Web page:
Anyone who has subscription television in Australia has probably found themselves watching trailers for the new series 'Outlander' at least once a day. 'Outlander' is based on a series of novels written by the American writer Diana Gabaldon which centre around a young woman from 1946 who stumbles through a rock formation and is transported to the Scottish Highlands in 1743, amidst the turmoil surrounding the legitimacy of the English King George's claim to the Scottish throne. The young woman, Claire, is the wife of Frank Randall, the six times great-grandson of Jonathon 'Black Jack' Randall, an English corporal on patrol in Scotland.
In Australia, the first book in the Outlander series is called Cross Stitch, a title which doesn't make much sense at all. It's an 800+ page tome, beginning with Claire and Frank on their honeymoon in Inverness (I think...), where Frank spends his time researching his ancestor, Black Jack, and Claire alternates between learning about the healing properties of local plants, being bored out of her mind, or enjoying the presence of her new husband. It's important to note that Claire and Frank were married before the war, but were separated by duty during it, and are only just reunited for their honeymoon at the beginning of the book. Claire was a nurse, and knows a lot about battlefield healing, which comes in handy when she travels back in time.
In the highlands, Claire is at first discovered by Black Jack Randall, who is the spitting image of Frank but is cruel and tries to rape her. She is rescued by Dougal MacKenzie and his men, who claim her as a hostage. Each side thinks Claire may be a spy for the other. They take her back to their camp, where she first meets Jamie, a young man who has just returned from France. Jamie has a wounded shoulder, which Claire tends to, earning a begrudging trust from the men. She cements her right to travel with them by predicting an ambush by the English, allowing the group to pass through largely unscathed, although Jamie strains his injured shoulder, for which Claire chides him- this is a hallmark of their relationship for the rest of the book.
Claire is taken back to Castle Leoch, held by Dougal's brother Callum MacKenzie, who cannot lead battle because of his cripple legs. Claire identifies his ailment as Toulouse-Latrec Syndrome, a malady which will not be named for another 150 years. She is set up as a castle healer, and later taken out on a pilgrimmage to collect the local rents with Jamie and Dougal, and a lawyer named Ned. In order to stop Claire, as an Englishwoman, being handed over to Randall and his soliders, Claire and Jamie are forced to wed one another, but Jamie surprises Claire by being a tender husband, albeit an old fashioned one. From then on, their fates are bound to one another, and Claire's determination to go home is complicated by a growing love for Jamie and her guilt over having abandoned Frank, however unwillingly. There are many other twists and turns along the way (there would have to be in 800+ pages) and the result is an exciting novel with much swordplay, a highly detestable villain, and many scenes of passion. (In fact, I would say too many... we get it... they lust after each other.) What saves the book from being a bodice ripper that you would buy at an airport is the immense effort that has gone into researching this book. The historical period comes alive, and Gabaldon shows a clear understanding of the anachronisms between the 1700s, the 1940s and our own time. Claire is a likable and consistent heroine with her own aims, who does not ALWAYS need to be rescued by men (although sometimes she does) and uses her ingenuity to get by in a time 200 years before her own birth. While Claire does worry about the consequences her appearance in the past might have on the present, the book does not spend too much time worrying about the butterfly effect, which leaves the willing reader free to get caught up in the swashbuckling fun of the times. This will most likely translate extremely well to television.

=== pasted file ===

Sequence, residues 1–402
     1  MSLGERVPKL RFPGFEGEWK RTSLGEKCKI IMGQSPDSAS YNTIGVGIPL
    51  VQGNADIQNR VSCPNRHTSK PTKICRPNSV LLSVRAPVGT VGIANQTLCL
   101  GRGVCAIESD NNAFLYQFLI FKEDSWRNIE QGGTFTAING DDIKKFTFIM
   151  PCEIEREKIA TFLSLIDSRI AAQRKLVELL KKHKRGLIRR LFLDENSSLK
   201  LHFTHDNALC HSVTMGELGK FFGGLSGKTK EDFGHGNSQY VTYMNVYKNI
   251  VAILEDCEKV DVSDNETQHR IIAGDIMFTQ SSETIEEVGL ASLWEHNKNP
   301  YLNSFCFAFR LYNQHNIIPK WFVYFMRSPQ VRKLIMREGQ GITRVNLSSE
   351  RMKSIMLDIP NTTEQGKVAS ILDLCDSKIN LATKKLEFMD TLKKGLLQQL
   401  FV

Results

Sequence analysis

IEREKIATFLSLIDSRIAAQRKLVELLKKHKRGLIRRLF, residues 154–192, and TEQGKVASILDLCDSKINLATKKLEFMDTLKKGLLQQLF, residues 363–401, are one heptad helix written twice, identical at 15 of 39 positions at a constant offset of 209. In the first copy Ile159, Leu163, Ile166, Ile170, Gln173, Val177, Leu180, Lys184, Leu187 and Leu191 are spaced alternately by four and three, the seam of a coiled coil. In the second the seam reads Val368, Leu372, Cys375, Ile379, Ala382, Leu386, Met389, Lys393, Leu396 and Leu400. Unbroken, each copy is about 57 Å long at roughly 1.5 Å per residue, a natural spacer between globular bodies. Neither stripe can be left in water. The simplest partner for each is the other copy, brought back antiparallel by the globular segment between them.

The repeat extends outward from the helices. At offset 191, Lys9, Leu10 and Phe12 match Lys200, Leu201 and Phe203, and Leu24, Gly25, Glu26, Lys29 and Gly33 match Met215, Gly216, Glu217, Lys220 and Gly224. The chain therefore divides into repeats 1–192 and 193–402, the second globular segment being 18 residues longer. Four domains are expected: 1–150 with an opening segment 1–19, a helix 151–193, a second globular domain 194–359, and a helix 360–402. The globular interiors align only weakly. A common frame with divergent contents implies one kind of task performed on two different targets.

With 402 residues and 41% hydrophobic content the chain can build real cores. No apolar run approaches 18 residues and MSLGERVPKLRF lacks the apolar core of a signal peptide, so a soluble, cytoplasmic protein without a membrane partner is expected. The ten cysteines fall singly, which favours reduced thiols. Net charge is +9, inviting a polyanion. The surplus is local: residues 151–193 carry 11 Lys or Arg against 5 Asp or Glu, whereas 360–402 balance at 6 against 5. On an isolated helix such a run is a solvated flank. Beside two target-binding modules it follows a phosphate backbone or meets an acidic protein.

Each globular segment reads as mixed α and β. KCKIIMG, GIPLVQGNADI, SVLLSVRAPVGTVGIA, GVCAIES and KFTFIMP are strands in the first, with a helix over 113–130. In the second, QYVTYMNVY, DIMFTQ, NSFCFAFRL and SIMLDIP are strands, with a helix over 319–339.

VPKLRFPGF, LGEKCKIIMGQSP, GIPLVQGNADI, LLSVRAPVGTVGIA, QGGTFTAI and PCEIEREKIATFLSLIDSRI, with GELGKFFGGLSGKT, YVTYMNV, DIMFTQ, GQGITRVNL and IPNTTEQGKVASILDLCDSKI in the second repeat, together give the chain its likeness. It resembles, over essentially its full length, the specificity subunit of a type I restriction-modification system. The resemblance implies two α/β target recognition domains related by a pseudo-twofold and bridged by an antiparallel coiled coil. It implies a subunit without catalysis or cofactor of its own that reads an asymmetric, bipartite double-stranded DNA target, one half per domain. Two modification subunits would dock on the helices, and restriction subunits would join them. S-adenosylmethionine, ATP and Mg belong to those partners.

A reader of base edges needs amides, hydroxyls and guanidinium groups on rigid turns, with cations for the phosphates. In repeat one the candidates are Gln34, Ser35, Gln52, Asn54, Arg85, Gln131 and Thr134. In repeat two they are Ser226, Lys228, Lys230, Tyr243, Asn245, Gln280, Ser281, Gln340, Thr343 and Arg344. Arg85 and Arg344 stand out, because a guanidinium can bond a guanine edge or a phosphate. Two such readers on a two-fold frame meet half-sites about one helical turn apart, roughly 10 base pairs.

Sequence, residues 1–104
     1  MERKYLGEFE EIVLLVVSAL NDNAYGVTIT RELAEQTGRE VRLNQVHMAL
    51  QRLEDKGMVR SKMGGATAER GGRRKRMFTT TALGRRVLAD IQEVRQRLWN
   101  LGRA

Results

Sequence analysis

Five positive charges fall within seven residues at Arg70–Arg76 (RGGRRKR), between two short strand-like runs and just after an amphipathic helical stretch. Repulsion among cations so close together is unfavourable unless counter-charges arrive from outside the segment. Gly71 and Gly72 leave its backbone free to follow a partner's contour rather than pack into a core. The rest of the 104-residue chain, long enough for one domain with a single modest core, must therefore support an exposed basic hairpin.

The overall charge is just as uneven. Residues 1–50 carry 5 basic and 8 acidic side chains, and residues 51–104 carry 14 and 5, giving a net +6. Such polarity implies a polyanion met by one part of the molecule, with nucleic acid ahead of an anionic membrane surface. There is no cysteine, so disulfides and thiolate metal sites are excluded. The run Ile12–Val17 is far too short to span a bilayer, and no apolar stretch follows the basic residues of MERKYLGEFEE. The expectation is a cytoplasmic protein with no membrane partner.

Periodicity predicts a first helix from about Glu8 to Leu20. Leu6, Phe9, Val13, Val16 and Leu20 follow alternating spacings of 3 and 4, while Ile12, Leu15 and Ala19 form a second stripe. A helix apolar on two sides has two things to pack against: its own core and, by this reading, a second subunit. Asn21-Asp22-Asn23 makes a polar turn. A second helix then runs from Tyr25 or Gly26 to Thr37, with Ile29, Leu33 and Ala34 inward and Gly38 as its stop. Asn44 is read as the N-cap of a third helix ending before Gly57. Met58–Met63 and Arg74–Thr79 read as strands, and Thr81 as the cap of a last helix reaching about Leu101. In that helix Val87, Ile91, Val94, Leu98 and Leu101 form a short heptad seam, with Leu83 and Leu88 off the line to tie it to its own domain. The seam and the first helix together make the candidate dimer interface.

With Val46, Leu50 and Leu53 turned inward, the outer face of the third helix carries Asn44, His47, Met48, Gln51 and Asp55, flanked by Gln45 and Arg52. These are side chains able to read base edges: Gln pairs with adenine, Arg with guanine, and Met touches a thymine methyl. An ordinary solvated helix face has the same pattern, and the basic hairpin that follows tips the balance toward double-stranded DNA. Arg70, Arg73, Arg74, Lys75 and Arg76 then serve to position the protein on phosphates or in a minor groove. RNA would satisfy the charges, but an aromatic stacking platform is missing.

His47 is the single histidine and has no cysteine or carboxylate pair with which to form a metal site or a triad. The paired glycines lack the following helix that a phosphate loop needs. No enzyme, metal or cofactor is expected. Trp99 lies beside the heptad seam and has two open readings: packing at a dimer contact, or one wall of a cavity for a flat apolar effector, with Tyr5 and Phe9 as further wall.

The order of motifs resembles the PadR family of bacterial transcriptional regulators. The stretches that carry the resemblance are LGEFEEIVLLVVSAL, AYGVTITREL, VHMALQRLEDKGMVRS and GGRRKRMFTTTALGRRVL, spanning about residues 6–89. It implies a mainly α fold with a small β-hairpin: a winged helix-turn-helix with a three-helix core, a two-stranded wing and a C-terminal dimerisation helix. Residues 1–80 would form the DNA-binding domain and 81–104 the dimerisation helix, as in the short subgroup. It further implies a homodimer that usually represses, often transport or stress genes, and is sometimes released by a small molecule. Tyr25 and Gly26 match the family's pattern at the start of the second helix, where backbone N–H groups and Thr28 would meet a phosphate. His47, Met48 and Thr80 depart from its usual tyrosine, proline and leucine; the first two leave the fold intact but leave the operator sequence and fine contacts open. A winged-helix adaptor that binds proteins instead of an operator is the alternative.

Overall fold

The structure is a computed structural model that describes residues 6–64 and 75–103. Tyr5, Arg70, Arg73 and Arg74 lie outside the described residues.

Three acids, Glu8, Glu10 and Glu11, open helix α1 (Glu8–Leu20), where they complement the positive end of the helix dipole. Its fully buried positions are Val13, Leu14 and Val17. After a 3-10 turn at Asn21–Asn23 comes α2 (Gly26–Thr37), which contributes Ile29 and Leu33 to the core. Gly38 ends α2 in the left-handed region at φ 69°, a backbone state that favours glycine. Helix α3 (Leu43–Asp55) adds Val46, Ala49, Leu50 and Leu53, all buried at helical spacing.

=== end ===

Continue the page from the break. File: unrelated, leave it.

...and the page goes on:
The book probably could have done with some more structural editing before the end, because in terms of traditional structure, there did seem to be a climax, a resolution, and then another narrative arc tacked on the end... it might have been better as two books, and it will be interesting to see how these arcs are handled in the series.
It is also interesting to think that the events of these novels happen only a generation before the events of Jane Austen's Pride and Prejudice, but the time seems a lot more fraught with danger than Austen's novel leads us to think.
If you're looking for a great fun read, I do recommend Cross Stitch/ Outlander, and I will definitely be checking out the TV show when it starts this week.